The Dagger apparently isn’t bush league enough to be considered for the Baltimore Sun’s “Mobbies,” a contest which highlights non-traditional media enterprises The Sun doesn’t consider a threat.
Or so we believe after reading the e-mail chain posted below between us and a polite Sun representative. To summarize: because we attempt to organize our reported stories instead of posting one long run-on list of links to other people’s work (as, say, the Politicker does) we’re not a blog and therefore not eligible.
In the Sun rep’s words:
“We have a blog defined in the official rules as “a blog, or weblog, is defined as a Web page with dated entries, with the most recent entries at the top of the page”
That’s kinda insane, as if someone decided earlier this decade that online news and comment couldn’t look any other way. We always hear people bash The Sun and other traditional media for not understanding media, but I’ve never seen so literal an example of them not getting it.
To see the distinguished collection of blogs The Sun has accepted nominations for, check out: http://data.baltimoresun.com/mobbies/
But that’s okay. We’ll settle for being their “other Baltimore sources” on the major Harford stories of the day. Because it’s not like they own a media operation in Harford County.
We’d like to think that The Sun’s criteria for an eligible blog/news site/whatever is just unbelievably simplistic, inconsistent, old-media nonsense from 2001, and not based on the operations which are least likely to cause them trouble.
Baltimore Brew and Investigative Voice are great start-up operations, much like our own. But they’re also in a much bigger playground, one dominated by The Sun. As an operation working in the suburbs they’ve pulled back from, The Dagger could in time do damage to whatever readership base remains for them there.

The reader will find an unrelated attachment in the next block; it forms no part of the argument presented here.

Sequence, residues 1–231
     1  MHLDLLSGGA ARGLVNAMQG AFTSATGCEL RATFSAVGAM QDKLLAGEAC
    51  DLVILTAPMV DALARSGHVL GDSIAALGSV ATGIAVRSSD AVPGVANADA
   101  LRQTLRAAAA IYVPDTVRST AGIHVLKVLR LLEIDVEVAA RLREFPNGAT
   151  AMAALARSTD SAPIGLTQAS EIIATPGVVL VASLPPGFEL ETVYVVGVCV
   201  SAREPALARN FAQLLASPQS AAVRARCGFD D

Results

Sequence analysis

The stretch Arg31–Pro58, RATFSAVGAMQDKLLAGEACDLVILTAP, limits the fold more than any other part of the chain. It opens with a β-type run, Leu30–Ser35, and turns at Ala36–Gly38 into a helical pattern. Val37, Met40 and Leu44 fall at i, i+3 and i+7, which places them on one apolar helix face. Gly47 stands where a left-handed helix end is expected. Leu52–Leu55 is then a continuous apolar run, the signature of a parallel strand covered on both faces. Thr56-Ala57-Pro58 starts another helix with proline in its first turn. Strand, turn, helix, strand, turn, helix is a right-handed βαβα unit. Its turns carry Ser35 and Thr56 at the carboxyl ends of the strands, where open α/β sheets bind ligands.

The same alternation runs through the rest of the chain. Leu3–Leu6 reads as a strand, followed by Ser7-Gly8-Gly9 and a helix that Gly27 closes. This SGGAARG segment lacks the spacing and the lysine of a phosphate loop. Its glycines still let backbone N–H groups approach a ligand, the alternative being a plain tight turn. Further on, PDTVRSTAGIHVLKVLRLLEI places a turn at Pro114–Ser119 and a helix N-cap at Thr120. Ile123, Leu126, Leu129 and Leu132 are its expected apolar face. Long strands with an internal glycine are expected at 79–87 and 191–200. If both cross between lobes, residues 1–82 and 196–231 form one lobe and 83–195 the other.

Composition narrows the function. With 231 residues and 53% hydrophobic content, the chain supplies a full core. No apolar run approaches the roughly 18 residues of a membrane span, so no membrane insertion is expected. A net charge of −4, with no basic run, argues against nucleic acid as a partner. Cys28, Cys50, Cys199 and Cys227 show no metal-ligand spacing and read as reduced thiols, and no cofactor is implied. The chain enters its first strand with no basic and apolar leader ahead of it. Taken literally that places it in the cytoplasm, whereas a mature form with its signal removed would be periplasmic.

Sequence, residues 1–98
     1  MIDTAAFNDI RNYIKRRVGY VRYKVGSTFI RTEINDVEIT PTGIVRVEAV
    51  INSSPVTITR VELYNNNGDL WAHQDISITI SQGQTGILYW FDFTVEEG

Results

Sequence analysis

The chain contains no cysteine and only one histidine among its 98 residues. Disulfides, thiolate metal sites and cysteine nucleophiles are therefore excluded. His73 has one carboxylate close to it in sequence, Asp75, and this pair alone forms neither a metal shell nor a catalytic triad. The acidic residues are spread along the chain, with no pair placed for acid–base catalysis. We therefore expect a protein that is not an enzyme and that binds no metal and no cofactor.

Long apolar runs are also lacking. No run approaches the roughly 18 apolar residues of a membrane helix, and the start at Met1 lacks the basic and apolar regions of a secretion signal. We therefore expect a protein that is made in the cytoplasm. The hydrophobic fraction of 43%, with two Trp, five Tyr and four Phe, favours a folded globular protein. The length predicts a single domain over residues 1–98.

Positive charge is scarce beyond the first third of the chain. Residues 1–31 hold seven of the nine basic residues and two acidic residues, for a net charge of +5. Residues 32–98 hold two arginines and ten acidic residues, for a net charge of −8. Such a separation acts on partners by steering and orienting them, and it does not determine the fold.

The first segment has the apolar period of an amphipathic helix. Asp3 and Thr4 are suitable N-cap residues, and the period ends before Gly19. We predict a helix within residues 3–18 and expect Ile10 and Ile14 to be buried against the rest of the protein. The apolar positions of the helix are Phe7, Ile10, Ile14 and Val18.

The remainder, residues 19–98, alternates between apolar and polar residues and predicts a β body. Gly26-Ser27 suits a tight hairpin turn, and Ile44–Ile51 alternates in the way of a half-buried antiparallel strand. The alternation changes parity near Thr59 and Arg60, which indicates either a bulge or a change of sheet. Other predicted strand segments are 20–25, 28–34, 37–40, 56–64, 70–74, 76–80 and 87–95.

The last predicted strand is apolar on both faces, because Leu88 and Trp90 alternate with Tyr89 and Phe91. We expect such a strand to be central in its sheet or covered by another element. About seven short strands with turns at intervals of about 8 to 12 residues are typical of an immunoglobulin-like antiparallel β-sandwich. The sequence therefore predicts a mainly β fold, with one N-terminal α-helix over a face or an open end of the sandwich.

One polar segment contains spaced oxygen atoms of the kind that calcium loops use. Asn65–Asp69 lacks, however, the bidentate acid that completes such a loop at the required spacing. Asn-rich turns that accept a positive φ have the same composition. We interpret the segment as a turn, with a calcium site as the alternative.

Is that a stretch? Maybe. But if The Sun really did discuss us “pretty extensively,” than we can only assume their decision to exclude us and include extremely similar sites was based on more than just a surface reading of the rules.
To the average reader, this all may sound kind of petty. But this is the same Sun which appeared to remove or obscure The Baltimore Examiner’s name from shots of the Inner Harbor which included the now-defunct newspaper’s building. At least that’s what those of us working there at the time believed.
But hey, maybe our read is off on all this. We welcome The Sun to revisit its decision, in the spirit of journalistic cooperation which can only benefit everyone, especially the reading public.
Here’s the email chain between The Dagger and The Sun:
I’m happy to learn about Dagger Press – cool site you have there! Unfortunately, it appears to be more of a news site, or collection of blogs, than a single blog, which is what the Mobbies are meant for. Do you want to resubmit any of the single blogs that are part of Dagger Press instead? That might be a good solution. For now, I’m moving Dagger Press out of the queue.
Director of audience engagement
The Baltimore Sun
I’m confused by your characterization of the site. If news sites, which happen to essentially be blogs running on blog platforms, are not allowed in the competition, then how do you characterize the following sites that have been nominated?
Politiker – which is now nothing but an aggregator with no original reporting.
Like the sites above, we are one site (blog) with many categories. Just because we write an article about the school system in our “School Yard” category and another about an upcoming election in “The Dirt” doesn’t mean they are separate blogs.
Thanks for your time,
Hey, Steve, thanks for writing back. I’ll take another look at the three you’ve mentioned. We have a blog defined in the official rules as “a blog, or weblog, is defined as a Web page with dated entries, with the most recent entries at the top of the page.”
We discussed Dagger Press pretty extensively yesterday and came to the conclusion that it is more of a Web site than a blog – frankly, I think that’s a boon to you; it speaks to how professional your site is. I saw that you tweeted about it, and re-read Andy’s piece, and noted that he didn’t refer to it as a blog either.
I apologize. This does seem to be a gray area.
I understand the difficulty in identifying what is a blog and what isn’t. However, I don’t agree with what the criteria you have selected.
If a blog “is defined as a Web page with dated entries, with the most recent entries at the top of the page”, then wouldn’t one’s twitter page be considered a blog? Posterous? Tumblr? Even facebook? If I go to bthesite.com, click on “your blogs”, I can see that they are publishing our feed.
Anyway, we accept your decision to leave us out. We’ll continue to try to explain your reasoning to our readers who ask us why we aren’t included.